Government inflation targets scuppered by fuel duty rises, says FTA
Tuesday 16 February 2010
The Government has dealt itself a poor hand having revealed that one of the largest culprits for the sharp rise in annual inflation last year was fuel costs – a factor exacerbated by successive, above-inflation fuel duty rises, according to the Freight Transport Association.
Jo Tanner of the FTA said:
“Inflation has risen largely off the back of the rising fuel costs of transporting goods and services. Fuel accounts for over 30 per cent of overall transport costs, and these costs trickle down to the services and businesses that rely on the logistics sector simply to run.
“It is anathema, then, to increase the tax imposed on the cost of a tank of diesel during a recession, especially when the actual price of a barrel of oil has doubled – yet this is precisely what the Government has done and is committed to doing in the future.”
The largest influence on the upward trend found in the Consumer Price Index annual rate came from transport, where the price of fuels and lubricants rose by 2.2 per cent – a record rate of growth for a December to January period.
“The cost of oil has doubled in the last year, placing an increasing burden on FTA members, yet the Government continues to add to this through more and more hikes in fuel duty. This obsession with raising fuel duty has blown up in the Treasury’s face, pushing their coveted inflation targets beyond reach.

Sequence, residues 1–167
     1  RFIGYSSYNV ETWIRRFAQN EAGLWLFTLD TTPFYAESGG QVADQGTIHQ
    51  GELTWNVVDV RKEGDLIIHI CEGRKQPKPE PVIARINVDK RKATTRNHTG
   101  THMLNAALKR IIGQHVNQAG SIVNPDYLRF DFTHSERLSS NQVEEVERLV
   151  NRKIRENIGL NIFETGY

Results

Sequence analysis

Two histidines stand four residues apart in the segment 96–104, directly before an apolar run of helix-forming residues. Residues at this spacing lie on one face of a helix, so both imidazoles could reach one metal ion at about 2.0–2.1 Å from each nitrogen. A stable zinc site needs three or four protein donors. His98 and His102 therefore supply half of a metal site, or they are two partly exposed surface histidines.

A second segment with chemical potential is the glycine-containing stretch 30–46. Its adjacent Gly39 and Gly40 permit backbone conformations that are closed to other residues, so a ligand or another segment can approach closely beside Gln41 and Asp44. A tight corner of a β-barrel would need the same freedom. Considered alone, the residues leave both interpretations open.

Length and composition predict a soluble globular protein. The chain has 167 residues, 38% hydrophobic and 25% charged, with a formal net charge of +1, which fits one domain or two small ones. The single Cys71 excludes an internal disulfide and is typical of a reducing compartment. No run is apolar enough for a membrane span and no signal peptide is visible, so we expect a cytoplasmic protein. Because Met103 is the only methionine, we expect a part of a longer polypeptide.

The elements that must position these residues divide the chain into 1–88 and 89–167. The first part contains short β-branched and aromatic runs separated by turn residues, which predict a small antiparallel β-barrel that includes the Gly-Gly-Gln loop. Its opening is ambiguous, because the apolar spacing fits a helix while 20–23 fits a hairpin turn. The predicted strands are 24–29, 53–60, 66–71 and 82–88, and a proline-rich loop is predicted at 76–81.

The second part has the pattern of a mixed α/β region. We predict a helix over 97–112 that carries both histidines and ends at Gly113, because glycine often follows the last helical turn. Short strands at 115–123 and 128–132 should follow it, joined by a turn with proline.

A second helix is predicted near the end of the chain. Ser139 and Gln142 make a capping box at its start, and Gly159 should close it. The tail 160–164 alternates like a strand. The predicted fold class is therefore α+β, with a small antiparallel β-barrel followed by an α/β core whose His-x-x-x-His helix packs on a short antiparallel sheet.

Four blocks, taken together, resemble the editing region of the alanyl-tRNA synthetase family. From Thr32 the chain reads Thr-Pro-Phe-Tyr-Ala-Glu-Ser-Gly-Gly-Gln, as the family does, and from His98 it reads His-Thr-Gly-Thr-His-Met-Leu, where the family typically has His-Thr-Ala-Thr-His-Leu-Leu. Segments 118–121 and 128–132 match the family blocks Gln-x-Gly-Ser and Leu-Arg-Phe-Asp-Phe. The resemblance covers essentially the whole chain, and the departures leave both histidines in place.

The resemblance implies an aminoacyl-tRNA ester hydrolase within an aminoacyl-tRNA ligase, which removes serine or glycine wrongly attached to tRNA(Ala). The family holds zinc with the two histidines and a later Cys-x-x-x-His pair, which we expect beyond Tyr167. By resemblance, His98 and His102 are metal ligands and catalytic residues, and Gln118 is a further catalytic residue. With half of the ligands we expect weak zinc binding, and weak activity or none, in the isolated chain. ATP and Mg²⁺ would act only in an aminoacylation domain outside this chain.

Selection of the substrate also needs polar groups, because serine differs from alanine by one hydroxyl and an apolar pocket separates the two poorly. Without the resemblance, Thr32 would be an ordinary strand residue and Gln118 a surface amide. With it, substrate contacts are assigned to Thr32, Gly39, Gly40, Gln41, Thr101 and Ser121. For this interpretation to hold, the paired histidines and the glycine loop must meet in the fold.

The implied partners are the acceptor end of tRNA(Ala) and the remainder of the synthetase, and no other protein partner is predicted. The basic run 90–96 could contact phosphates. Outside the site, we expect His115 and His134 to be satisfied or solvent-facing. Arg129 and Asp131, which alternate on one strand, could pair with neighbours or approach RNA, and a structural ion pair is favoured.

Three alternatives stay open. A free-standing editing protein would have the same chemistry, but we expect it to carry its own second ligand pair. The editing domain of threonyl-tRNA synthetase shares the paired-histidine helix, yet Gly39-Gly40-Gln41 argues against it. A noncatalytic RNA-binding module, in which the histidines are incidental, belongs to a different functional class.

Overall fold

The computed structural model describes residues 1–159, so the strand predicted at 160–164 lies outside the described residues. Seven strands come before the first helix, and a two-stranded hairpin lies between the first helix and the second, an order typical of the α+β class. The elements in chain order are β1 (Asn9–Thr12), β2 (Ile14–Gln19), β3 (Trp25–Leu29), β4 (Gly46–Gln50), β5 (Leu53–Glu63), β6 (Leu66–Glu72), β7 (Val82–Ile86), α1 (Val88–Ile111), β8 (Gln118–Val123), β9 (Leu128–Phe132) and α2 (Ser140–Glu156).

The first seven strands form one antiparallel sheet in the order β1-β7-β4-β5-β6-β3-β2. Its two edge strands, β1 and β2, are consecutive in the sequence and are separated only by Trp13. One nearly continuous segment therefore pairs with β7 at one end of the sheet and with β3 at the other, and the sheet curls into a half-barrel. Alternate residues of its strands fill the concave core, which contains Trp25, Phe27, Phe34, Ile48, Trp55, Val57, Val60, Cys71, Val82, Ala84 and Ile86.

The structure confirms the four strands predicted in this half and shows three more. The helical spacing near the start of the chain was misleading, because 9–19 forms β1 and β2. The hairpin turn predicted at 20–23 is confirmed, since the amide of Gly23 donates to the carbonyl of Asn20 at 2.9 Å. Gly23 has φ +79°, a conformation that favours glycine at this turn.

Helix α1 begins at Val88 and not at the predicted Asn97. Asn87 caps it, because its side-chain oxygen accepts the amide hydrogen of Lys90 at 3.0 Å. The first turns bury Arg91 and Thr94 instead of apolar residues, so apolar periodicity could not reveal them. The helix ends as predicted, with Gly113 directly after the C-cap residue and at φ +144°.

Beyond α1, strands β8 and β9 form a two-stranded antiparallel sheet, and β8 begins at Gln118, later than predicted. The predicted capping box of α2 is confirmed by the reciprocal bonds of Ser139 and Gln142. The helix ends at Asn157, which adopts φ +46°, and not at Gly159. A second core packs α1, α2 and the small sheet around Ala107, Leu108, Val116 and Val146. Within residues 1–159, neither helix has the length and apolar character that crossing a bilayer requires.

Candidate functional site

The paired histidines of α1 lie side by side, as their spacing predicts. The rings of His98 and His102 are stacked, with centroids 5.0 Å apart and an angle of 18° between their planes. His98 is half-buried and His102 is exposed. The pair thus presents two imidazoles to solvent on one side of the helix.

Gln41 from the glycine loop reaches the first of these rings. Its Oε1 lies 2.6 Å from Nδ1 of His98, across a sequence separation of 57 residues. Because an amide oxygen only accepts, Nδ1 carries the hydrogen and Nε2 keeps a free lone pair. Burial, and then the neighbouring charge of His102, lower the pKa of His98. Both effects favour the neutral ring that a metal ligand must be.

“Rises in inflation are the last thing the Government will want this close to a General Election, yet the power to bring it down – and help businesses – is in its hands. By reducing fuel duty levels for commercial vehicles, it could help to keep prices of household goods down, and keep UK businesses moving. The challenge is there, Mr Darling.”
Notes for editors
Last year, the logistics sector was dealt a 3.84 pence per litre rise in fuel duty on diesel (1.84ppl in April 2009 and 2ppl in September 2009), on top of a 2ppl rise in December 2008.
The price of oil per barrel has doubled since December 2008 when it hit a low of $36 a barrel.
FTA Press Office